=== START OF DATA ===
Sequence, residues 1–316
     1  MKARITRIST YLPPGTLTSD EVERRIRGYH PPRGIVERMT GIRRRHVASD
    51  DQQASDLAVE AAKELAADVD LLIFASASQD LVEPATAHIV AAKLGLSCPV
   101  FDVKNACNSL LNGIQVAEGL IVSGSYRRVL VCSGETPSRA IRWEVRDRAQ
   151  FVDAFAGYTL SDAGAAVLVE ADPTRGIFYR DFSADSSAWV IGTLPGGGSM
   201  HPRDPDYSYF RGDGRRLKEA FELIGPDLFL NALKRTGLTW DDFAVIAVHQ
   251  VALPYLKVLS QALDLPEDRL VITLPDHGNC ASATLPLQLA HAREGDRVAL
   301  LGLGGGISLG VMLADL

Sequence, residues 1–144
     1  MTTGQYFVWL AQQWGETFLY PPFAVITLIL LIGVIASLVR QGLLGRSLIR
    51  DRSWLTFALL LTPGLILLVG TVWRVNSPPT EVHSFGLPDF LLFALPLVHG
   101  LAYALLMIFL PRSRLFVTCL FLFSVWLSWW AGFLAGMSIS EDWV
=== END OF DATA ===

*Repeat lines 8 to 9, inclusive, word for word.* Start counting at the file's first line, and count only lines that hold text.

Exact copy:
   301  LGLGGGISLG VMLADL

Sequence, residues 1–144